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I have a some questions. I work for a small agency that does not have 50 employees and, therefore, does not have to offer FMLA. My supervisors are cool and have said that I can take off 12 weeks if I would like to do so, but it will be pretty much all unpaid except for whatever vacation time I have.<br><br>
I have been honest and told them I plan to return 1/2 time once the baby is born. They are cool with that. Can they technically bump me down to 1/2 time when I start the maternity leave? If so, that would mean I would lose my health insurance right before the baby is born because part-time employees do not get benefits. Don't they have to wait until after my maternity leave is over to move me to part-time status since I will be working full-time until the the start of leave?<br><br>
I live in Indiana, if that makes any difference.<br><br>
TIA!
 

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I know your company is small, but is there a HR department that you could talk to about this? It doesn't seem fair for them to bump you down to half time before the baby is born so you lose your benefits. Maybe if you explain it to them, they will work with you. Worst case scenario, if they don't work with you, you could just work up until you deliver and then go on leave. That way you are still covered.<br><br>
Also, your benefits should last until the end of the month. So if your last day is on the 5th, you will be insured until the last day of the month.
 

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Its crazy that you get health working for a company with less then 50 employees, (crazy in a good way!) do you even have a HR dpt?<br><br>
I concur about leaving early in the month and being covered through the end of the month. Thats true, but it doesn't help you if you need PP care.<br><br>
If your small company is anything like mine, you should ask them these questions. I'm sure that there is something you can do to work these things out.
 

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Do you have any reason to assume they would do that? It sounds like they are being pretty accommodating so far, approving your leave as well as your plan to return part time after the birth. Why would they just decide to cut your health benefits off early? It would save them, what, a couple hundred bucks? At the cost of all your goodwill?
 

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I suggest that you request all your health plan documents and read them very carefully. It can be tedious, but it should answer your questions.<br><br>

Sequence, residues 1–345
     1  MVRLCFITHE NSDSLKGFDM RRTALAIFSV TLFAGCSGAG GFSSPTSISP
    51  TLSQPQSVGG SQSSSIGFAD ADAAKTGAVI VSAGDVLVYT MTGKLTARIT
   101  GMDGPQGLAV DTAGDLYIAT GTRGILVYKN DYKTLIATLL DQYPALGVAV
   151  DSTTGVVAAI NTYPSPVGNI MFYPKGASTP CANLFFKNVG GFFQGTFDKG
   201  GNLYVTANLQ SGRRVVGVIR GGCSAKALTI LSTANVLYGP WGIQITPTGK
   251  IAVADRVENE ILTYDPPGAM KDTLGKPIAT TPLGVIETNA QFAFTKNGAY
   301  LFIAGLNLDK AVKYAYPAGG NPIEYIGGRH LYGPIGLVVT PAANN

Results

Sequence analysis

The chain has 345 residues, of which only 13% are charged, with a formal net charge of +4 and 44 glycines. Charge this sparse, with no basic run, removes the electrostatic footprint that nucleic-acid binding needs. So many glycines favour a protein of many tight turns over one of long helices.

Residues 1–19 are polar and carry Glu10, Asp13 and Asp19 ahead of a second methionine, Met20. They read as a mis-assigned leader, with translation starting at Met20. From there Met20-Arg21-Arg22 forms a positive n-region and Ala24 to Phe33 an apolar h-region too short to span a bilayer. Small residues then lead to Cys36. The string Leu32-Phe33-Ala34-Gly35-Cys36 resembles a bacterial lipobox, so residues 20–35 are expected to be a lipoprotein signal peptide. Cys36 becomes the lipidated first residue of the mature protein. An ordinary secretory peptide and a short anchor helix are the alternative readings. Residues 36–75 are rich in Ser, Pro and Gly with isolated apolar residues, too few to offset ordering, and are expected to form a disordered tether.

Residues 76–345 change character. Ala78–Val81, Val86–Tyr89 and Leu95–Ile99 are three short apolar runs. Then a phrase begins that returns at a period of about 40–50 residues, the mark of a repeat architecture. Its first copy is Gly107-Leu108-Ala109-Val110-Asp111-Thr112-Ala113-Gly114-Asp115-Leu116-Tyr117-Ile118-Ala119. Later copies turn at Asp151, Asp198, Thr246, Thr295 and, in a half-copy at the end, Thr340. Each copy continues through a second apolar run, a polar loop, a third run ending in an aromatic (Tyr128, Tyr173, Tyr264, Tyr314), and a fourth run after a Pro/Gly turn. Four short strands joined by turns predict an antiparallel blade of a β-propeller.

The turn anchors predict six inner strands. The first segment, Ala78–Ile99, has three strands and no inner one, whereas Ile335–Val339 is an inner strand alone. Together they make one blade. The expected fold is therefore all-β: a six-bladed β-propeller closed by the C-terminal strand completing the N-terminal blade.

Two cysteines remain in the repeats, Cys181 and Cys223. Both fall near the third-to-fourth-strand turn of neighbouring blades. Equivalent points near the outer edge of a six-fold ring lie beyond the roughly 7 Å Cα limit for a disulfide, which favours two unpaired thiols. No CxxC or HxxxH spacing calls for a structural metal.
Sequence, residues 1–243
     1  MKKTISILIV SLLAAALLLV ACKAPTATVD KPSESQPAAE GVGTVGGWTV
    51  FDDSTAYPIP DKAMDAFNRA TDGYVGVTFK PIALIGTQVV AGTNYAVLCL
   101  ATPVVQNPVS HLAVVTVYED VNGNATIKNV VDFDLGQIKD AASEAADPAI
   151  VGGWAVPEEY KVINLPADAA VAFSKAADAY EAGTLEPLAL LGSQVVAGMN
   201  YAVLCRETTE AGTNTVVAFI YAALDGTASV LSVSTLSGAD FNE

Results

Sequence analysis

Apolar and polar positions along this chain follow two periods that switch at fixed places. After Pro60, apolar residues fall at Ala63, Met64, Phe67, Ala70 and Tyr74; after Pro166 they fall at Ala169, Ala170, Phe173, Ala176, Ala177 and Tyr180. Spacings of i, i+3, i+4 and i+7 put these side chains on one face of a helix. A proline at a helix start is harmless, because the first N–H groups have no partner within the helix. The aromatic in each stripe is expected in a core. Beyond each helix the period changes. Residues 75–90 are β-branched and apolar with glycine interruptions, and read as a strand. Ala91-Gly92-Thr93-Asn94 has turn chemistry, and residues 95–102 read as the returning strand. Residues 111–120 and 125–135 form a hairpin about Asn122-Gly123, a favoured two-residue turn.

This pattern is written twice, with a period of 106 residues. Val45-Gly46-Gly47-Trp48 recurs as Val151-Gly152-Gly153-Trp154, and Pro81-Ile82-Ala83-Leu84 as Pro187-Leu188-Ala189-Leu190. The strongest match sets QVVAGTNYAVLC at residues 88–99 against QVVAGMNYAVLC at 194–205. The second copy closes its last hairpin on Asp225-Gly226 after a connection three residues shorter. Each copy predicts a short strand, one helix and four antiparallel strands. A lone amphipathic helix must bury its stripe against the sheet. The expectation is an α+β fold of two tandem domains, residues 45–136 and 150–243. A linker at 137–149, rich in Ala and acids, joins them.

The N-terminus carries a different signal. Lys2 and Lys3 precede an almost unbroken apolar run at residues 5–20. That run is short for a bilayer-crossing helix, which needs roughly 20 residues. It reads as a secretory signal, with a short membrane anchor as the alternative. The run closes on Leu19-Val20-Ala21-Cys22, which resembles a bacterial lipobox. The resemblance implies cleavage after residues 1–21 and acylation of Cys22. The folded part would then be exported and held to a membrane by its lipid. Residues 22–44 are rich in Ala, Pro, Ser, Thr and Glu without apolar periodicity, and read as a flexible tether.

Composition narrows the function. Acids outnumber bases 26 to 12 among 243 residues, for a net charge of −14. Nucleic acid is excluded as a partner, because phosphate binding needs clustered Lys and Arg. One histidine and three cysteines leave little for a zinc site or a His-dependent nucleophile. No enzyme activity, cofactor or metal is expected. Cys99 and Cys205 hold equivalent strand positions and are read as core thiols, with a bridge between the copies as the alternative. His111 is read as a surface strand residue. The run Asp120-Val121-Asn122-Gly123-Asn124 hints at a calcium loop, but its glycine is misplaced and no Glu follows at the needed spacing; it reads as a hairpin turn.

As a last resort, realize that you will be eligible for COBRA for 18 months.
 

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First off, FMLA is unpaid. The only thing that FMLA gives you is job protection -they cannot fire you for taking up to 12 weeks unpaid leave. You may already know this, but I wanted to make sure everyone is aware.<br><br>
While most companies will pay all the contributions for your healthcare premiums during your leave, you will owe them your contributions upon your return (my first check when I returned was for $65 after they took out all my premiums I owed for the 16 weeks I took off).<br><br>
The main question is whether you trust them - if so, you can ask them that you would like to transition to a part time role effective {date of return}. However, be aware that covering the contributions of the healthcare premiums costs your company money - and those contributions will go up when your baby is born (no longer you/spouse but now FAMILY coverage - celebrations!).<br><br>
It may be something they are willing to do, especially if they would love to retain you but cannot afford maternity leave or health care coverage for part time workers.<br><br>
Or it may be something they just cannot justify, especially if they are planning on hiring someone to replace you and then move you into another position more suitable for part time work. They may ask that you return full time for a few months while they find a replacement/transition you to another job.<br><br>
Also, check to see whether they have short term disability insurance. if so, many offer up to 5 weeks of partial salary upon the birth of a child, and that is payable to you regardless of your work status or intentions to return to work.<br><br>
I think the big thing to realize is that you need to negotiate what you want and get it in writing and realize that you are negotiating based on your relationships with your employer - and their view of you as a future employee.<br><br>
Just my 2 cents.
 

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I second checking into short-term disability insurance. If your company has it, childbirth and the post-partum period qualify. At my old employer, which was also a small company of 20 employees, the short-term disability insurance offered 13 weeks of time off with partial pay (60%) AND the company continued to pay your benefits, i.e. health insurance premiums, contributions to 401(k), etc.<br><br>
Combined with the 1 week of time that you had to cover with vacation or sick pay before the short-term disability kicks in, that totals 14 weeks.<br><br>
Hope that helps.<br><br>
~Diane
 
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